II. Overview

4. In this Second Further NPRM, we seek to further refine the record in this proceeding. We are hopeful that we will adopt additional modifications to our contribution methodology to ensure the continued viability of universal service as the marketplace continues to develop.

5. First, we ask commenters to discuss whether the changes to the revenue-based methodology adopted herein are sufficient to ensure the long-term viability of universal service as the telecommunications marketplace evolves. Should any additional modifications to the revenue-based system be made? For example, we seek comment on whether bundling of local and long distance services raises any unique problems for wireline carriers in identifying interstate telecommunications revenues and how such problems should be addressed.

6. In addition, although we have increased the mobile wireless safe harbor to 28.5 percent, we note that some commenters assert that, using certain methodologies, mobile wireless carriers are capable of determining their actual interstate end-user telecommunications revenues. If a revenue-based system is retained, we seek comment on whether we should abolish the safe harbor for mobile wireless carriers and, if so, how such carriers should determine their actual interstate end-user telecommunications revenues. We specifically seek comment on whether minutes of use is an appropriate proxy for determining interstate revenues for mobile wireless providers. We also request comment on whether the originating cell site and the terminating area code or NPA of a call reasonably approximates the jurisdictional nature of traffic for reporting purposes. In addition, we seek comment on whether it would be appropriate to include both outgoing and incoming calls in mobile wireless provider traffic studies and whether and how to include roaming and international minutes in such studies. We seek comment on burdens presented by proposed methodologies to determine interstate revenues and particularly invite comment from smaller mobile wireless providers on whether they face unique difficulties in identifying interstate telecommunications revenues. We also ask commenters to discuss whether other CMRS carriers, such as paging and analog SMR carriers, are able to determine their actual interstate end-user telecommunications revenues and whether those safe harbors should also be abolished. We seek comment on how eliminating the safe harbors would affect wireless carriers whose contributions to universal service are de minimis.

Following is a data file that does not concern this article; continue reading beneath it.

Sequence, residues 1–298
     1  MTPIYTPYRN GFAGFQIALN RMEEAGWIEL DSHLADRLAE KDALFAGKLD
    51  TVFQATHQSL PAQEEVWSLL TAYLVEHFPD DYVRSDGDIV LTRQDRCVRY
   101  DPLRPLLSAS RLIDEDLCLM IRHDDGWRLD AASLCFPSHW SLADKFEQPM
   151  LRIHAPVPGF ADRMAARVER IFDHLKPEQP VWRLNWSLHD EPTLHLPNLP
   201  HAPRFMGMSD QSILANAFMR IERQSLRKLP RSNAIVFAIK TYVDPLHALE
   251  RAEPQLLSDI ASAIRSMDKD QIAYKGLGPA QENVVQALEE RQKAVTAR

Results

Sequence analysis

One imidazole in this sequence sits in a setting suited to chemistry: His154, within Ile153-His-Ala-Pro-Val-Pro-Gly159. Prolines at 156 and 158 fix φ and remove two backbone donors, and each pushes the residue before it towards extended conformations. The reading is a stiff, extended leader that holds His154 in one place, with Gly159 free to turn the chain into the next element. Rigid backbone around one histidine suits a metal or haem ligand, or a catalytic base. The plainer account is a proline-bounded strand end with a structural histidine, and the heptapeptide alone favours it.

7. Although the actions taken today will improve the operation of our revenue-based methodology in the near term, we remain concerned that any contribution system based on interstate telecommunications revenues will be dependent on the ability of contributors to distinguish between interstate and intrastate telecommunications and non-telecommunications revenues. Several commenters have argued that a connection-based mechanism may be the best alternative to ensure the long-term viability of the Commission's universal service mechanisms as the telecommunications marketplace continues to evolve. We, therefore, seek additional comment on three specific connection-based proposals.

8. In the First Further NPRM, we sought comment on a specific proposal to base contributions on the number and capacity of connections a contributor provides to interstate networks, rather than revenues. Since that time, a number of parties across various industry segments, as well as four out of five state members of the Joint Board, have supported adoption of a connection-based assessment methodology and have proposed their own variations of connection-based proposals. Proponents of a connection-based methodology argue that such a system would provide a sufficient and predictable funding source for universal service in a telecommunications marketplace increasingly characterized by new and innovative bundles of intrastate and interstate telecommunications and non-telecommunications products and services, and increased competition between wireline and wireless technology platforms. These commenters point out that the number of connections historically has been more stable than end-user interstate telecommunications revenues. Commenters also point out that connection-based assessments would eliminate the need for contributors to distinguish between interstate and intrastate revenues, or revenues from telecommunications and non-telecommunications services, as is required under the current methodology. These commenters therefore argue that connection-based assessments would better accommodate new services and technologies as they develop. Such a framework also may be more economically efficient than the current revenue-based methodology, because connection-based assessments are less likely to create inefficient incentives for end users to curtail their usage of interstate telecommunications networks.